Marfa, Texas

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It’s hard to tell what’s new, and what’s old, what’s Texas and what’s Hollywood in Marfa, Texas.  This city in the middle of the desert is a most unlikely place for a thriving arts community, but thanks to the number of movies shot nearby, there’s a big LA influence here.

If you’re interested in such things, you could easily devote a day to checking out Marfa’s galleries, trendy restaurants, and retro motels.  But even if you’re just passing through, you can still gain an appreciation for this out-of-the-ordinary town.

As I entered Marfa on US 90, headed east, the first photo-worthy subject I found was this old sign for the Stardust Motel at the side of the highway.  It appeared to be genuine…

… but further into town, the old Hernandez Auto Repair looked a little too perfect.  Was it designed as a movie set?

The old Holiday Inn sign looks real enough.

I also thought “The Get Go” looked interesting.  Even though it’s located on an empty side-street, it appears that it’s still open.  Its website promises the “best beer and wine selection for hundreds of miles (no jokin’)”

Downtown Marfa

The Presidio County Courthouse is unquestionably the center of attention in downtown Marfa.  The 1885 building was restored just a decade ago.  I didn’t go inside, but I should have, since I’ve heard that visitors can climb up to the 5th floor, just below the cupola, for an excellent view of the city and surrounding desert.

The courthouse sits at the end of Marfa’s wide main street, North Highland Avenue.  Along the way…

… you’ll spot the Palace Theater…

… and across the street, the Texas Theater.  According to Big Bend Quarterly and Cinema Treasures, neither one is now used to show movies.  The Palace is a private residence, used as a studio for a local artist.  The Texas is used for office space.   Isn’t it strange that a town that’s so popular with Hollywood doesn’t have a theater of its own?

Also on the downtown stretch is Marfa’s classiest place to stay, the Hotel Paisano.  It opened in 1930, and was mostly a stopping place for local ranchers for the first few decades.  That all changed in 1955, when James Dean, Elizabeth Taylor, and Rock Hudson came to town, for the filming of the Warner Brothers movie Giant.  Smaller rooms start around $100, but if you want to stay in Liz Taylor’s suite, you’ll pay a little bit more. (Hotel Paisano’s Website)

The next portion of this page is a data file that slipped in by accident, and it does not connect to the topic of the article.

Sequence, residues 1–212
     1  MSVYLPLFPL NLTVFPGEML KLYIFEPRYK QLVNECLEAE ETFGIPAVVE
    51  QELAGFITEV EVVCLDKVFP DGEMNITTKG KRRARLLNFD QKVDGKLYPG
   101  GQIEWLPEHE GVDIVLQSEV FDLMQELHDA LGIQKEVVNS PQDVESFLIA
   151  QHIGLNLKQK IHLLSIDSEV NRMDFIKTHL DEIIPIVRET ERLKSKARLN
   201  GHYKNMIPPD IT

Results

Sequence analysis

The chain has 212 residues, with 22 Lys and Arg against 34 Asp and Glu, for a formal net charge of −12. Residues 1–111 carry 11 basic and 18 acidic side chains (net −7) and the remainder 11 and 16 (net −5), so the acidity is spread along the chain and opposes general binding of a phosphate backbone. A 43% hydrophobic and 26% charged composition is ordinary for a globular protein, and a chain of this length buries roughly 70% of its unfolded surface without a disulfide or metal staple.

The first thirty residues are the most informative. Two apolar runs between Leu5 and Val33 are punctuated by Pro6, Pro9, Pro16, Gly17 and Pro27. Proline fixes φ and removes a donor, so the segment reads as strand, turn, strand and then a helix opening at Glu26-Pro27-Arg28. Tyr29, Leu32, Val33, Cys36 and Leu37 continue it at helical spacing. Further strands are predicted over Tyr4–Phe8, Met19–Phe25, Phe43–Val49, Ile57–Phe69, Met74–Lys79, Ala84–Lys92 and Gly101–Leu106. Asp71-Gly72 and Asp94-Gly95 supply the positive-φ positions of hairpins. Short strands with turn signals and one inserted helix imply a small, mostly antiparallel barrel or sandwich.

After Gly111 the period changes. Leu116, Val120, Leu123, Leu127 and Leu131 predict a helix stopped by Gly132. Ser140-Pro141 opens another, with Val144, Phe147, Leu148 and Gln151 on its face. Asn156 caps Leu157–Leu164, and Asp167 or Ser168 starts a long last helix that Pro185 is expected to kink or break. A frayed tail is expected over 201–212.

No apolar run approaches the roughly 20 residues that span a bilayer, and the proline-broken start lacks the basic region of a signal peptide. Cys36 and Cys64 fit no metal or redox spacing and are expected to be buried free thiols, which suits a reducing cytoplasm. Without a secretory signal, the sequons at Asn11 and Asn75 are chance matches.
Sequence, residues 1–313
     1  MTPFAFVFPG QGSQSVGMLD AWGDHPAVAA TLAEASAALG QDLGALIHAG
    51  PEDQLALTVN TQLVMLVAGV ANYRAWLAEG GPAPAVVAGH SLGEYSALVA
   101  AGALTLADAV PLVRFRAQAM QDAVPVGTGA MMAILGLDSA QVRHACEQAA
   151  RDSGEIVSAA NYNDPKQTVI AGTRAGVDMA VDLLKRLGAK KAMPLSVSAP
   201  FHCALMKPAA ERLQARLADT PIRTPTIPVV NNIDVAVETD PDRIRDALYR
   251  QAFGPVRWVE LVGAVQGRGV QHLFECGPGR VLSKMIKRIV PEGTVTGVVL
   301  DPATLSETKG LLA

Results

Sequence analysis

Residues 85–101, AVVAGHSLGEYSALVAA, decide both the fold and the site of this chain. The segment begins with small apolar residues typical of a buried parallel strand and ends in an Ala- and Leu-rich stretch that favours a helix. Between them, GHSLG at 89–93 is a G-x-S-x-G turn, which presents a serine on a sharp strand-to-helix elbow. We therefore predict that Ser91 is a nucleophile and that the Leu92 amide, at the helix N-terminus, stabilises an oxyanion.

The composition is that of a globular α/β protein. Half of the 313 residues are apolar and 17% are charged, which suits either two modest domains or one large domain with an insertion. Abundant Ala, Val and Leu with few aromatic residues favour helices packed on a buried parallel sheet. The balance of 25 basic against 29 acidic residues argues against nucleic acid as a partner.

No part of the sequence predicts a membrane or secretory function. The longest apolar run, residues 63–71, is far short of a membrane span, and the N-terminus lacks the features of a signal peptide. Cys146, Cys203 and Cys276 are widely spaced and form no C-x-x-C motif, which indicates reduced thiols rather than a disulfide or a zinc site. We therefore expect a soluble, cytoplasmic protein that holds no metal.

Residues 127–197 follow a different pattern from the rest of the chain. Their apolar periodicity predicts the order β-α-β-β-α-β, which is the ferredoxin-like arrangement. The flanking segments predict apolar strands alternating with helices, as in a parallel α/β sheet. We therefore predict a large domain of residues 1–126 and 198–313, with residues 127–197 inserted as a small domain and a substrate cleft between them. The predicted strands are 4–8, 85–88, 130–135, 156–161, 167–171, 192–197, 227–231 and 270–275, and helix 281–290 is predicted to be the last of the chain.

The Presidio County Jail is made to match the courthouse.  It’s right next-door, and though I’m not certain, I believe it is still used as a jail.

You don’t need a gallery to have your art displayed in Marfa.  All you need is a parking space.  If you’re lucky, this intricately painted “art car” will still be parked on Highland Avenue when you get here.

If you appreciate modern art, you’ll want to stop at the Chinati Foundation on US 67, just south of downtown Marfa.  A guided tour of the full collection is $25, and there are no self-guided tours.  Check out the Chinati Foundation website for details.

Not everything in Marfa is devoted to the movie industry.  The old Godbold Feed Mill is still a local landmark, owned and operated by long-time Marfa resident “Happy” Godbold, who passed away in 2003.

Any travel page about Marfa would be incomplete without mentioning the “Marfa Lights”, the mysterious orbs that appear in the desert darkness. An old episode of Unsolved Mysteries did a good job documenting the phenomenon, which looks like a flashing or glowing basketball, hovering a few feet off the ground, a few miles away. If you’re in Marfa after dark, head out to the viewing center on US 90, a few miles east of town, and maybe you’ll spot one.

Drivelapse Video

Here’s the time-lapse, dash-cam video of the drive around Marfa, then south on US 67 through Shafter to Presidio, Texas:

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